In the insurance company building at the State Street side, Whetstone built a beauty parlor and a barber shop for family members who didn’t feel sufficient to taking them over. Now each sits empty along a lonely corridor, each with large couches on granite floors and fireplaces and waiting chairs.
Once, decades ago, Whetstone was invited to a conference in a swanky hotel, where he would be presented an award for most policies or dollars sold, and where he would speak briefly. When he got to the hotel, an insurance executive he had never met approached him and asked him to take his suitcases and get them up to his room. The man hadn’t recognized him as a possibly successful colleague. The white man had seen the black man and assumed he was his servant. Whetstone smiled and sent the man’s luggage on. But that evening, Whetstone was presented his award. When he came to the lectern and began to speak, he saw the man who’d treated him as a servant seated in the first or second row. When the man saw Whetstone, he looked down, and he couldn’t raise his face the whole time.
Among the human-faced suns implanted in factory cogs hanging on the wall and the Distinguished Service Awards displayed among eagles and angels, Walter Whetstone stands, gracious, tired, complaining about how his wife made him walk 13 miles this morning into Riverside and back, just for the exercise.
Walter Whetstone is as smart a man as you will ever find. He laughs at the notion that he is an artist, but the Whetstonian clearly trumps the Smithsonian, not as a museum, but as a life-become-art. He fits perfectly into the tradition of “outsider artist,” those artists who received no formal artistic education or training, but despite (or because of) this deficit, achieved some pure spiritual and creative expression worthy of preservation across lifetimes.
If Howard Finster was a bit of a showman, playing the banjo on late night TV, that came only as accident, since Finster first created more that 46,000 pieces of art and his own psychological and artistic landscape he called Paradise Garden, just outside of Athens, Georgia.
Simon Rodia was an Italian immigrant who built towers in his back yard in Los Angeles for 33 years. He wandered the neighborhood of and around Watts, bringing back pieces of railroad and scrap rebar, bed springs, glass bottles, seashells, and ceramic tile. The neighbors’ children frequently vandalized the towers, and xenophobic neighbors assumed Rodia created the towers to communicate with Japanese forces during World War Two.
Whetstone stands in a doorway and calls his black mongrel named Black from Jefferson Street where drivers honk horns on this football Sunday, and he says, “Oh, that dog’ll be alright. He knows what to do.”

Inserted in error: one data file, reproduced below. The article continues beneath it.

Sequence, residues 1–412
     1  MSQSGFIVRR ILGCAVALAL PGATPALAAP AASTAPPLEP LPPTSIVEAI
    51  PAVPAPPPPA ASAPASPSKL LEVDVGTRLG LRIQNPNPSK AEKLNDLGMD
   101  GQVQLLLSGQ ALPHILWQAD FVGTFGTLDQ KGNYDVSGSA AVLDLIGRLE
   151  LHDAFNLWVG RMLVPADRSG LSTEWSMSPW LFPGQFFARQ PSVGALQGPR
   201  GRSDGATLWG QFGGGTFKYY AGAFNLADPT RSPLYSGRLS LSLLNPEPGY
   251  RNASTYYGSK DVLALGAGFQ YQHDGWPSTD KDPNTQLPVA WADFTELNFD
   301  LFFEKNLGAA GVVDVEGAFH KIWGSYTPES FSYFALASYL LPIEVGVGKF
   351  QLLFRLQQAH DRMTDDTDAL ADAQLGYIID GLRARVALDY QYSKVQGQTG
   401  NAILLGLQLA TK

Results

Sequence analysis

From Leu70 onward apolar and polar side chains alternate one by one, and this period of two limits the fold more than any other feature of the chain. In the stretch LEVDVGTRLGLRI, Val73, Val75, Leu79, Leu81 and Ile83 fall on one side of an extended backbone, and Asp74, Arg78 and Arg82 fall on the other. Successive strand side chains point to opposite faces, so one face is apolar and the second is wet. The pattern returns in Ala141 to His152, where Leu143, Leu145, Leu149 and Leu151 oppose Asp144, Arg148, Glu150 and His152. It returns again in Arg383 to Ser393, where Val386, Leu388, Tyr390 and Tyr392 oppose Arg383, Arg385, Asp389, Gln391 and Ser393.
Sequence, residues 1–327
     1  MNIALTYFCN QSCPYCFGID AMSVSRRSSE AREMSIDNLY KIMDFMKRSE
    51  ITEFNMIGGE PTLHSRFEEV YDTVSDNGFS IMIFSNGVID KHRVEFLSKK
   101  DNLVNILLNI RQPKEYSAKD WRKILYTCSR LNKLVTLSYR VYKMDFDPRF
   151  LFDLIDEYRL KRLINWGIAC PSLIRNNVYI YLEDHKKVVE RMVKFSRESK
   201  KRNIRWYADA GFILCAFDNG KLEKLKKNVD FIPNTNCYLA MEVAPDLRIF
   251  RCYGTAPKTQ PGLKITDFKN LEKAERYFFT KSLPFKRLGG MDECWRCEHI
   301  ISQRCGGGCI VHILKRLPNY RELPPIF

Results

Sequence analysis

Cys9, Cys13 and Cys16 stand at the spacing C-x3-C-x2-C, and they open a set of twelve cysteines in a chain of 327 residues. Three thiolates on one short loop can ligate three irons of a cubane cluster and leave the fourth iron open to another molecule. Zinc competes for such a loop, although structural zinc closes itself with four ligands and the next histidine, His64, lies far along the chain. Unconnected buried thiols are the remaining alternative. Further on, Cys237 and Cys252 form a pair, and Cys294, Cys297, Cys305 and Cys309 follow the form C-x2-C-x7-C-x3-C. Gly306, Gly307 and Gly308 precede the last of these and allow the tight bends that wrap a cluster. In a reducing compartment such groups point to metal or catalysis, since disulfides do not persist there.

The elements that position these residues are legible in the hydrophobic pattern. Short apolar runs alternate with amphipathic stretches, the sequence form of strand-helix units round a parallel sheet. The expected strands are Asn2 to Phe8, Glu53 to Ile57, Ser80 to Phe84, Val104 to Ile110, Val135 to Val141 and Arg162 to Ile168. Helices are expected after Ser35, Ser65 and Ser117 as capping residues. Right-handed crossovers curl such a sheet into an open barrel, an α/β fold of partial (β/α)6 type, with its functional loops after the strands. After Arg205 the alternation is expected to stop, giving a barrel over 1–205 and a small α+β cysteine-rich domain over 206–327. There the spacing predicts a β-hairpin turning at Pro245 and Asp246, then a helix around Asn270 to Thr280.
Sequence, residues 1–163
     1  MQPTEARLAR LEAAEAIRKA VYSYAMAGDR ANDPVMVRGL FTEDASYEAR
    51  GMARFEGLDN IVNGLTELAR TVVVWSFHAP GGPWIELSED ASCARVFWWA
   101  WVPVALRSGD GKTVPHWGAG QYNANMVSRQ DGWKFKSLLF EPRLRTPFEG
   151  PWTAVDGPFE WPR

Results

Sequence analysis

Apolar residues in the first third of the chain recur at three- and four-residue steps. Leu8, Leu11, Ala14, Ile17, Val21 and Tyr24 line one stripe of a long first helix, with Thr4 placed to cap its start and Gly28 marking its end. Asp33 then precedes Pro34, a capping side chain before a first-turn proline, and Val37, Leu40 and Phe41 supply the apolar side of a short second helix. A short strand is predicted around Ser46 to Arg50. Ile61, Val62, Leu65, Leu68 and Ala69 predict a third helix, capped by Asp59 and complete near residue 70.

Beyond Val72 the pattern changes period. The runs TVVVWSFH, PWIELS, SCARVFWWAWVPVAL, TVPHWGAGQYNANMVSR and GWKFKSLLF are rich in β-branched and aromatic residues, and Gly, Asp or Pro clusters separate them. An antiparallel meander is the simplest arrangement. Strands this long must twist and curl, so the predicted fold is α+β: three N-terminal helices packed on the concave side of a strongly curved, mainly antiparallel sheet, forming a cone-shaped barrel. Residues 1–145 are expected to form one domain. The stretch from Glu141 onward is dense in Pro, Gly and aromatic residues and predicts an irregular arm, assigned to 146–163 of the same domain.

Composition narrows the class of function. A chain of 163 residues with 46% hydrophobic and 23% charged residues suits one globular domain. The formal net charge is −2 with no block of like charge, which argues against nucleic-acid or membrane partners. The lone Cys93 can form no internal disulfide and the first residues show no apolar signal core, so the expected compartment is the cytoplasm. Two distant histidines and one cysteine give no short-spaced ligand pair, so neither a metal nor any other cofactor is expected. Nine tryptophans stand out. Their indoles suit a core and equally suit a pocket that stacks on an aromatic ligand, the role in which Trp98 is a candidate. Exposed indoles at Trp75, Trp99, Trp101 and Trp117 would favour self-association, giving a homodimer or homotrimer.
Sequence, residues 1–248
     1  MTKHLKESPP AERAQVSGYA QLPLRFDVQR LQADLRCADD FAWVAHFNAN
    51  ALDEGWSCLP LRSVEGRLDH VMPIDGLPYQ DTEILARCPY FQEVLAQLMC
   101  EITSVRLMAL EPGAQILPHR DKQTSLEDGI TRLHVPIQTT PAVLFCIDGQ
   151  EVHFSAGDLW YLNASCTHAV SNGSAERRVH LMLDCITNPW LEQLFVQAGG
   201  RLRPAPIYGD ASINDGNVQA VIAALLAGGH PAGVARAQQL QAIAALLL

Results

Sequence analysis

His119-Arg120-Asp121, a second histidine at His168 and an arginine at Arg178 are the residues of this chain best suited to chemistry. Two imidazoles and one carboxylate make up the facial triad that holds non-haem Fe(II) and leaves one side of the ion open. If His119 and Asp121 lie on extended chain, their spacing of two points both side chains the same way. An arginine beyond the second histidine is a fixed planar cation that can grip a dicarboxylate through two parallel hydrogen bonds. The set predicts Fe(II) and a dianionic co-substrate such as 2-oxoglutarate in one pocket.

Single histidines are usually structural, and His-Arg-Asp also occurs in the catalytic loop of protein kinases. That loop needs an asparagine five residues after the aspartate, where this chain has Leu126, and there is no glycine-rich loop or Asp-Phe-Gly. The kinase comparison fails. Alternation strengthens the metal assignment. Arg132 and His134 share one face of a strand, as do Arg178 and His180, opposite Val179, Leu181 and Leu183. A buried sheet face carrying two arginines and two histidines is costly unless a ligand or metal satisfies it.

He’s had no connection, he says, with the Jacksonville Historical Society, or with the Ritz Theatre and Museum, founded in 1999 as the central voice of LaVilla’s past and present, its budget recently cut in municipal austerity measures. He waves his hand at the mention. “I’ve been self-sustaining,” he says. “But I got all these assets. Now the decline in income’s caught up with me.” He says if the Ritz lost funding from the city, he’s lost funding from himself.
He plans to go back to work, in his mid-70s, to sell life insurance again. He’s worked hard all his life. “Now the party’s over,” he says, “but I’m still alive.” Then he looks pensive and sad. He says, “But nothing lasts.” He’s watched LaVilla blossom and decline, bought most of a city block of it, sat up late at night on top of it, but now he feels he’s going the way of LaVilla.
If the City of Jacksonville paid a million dollars a block to destroy 30 square blocks of LaVilla, the least this Siva could do is preserve everything Walter Whetstone has created here. The structure is the whole from the last detail.
The Whetstonian is a masterpiece of outsider art. Elephants and ceiling fans hang from its balconies. Lions and welcome signs grow from its sidewalks. Ghosts from every year of these buildings’ history clutter its walls. I’m sorry to be only a poor pilgrim who has walked across and through the Whetstonian. Though the artist does not seek it, the Whetstonian has the right of every preservation the world can offer him.
Walter Whetstone is a short man who seems capable of anything and everything. He’s a thousand times bigger than his physical size. He creates whole world histories in years, and replicates entire worlds at the corners of Jefferson and Union and State.
He says, “I’ve seen so much change that I know everything passes away.” The Whetstonian is the Smithsonian of Jacksonville’s plot to murder LaVilla, but also a treasury of LaVilla’s long, full living.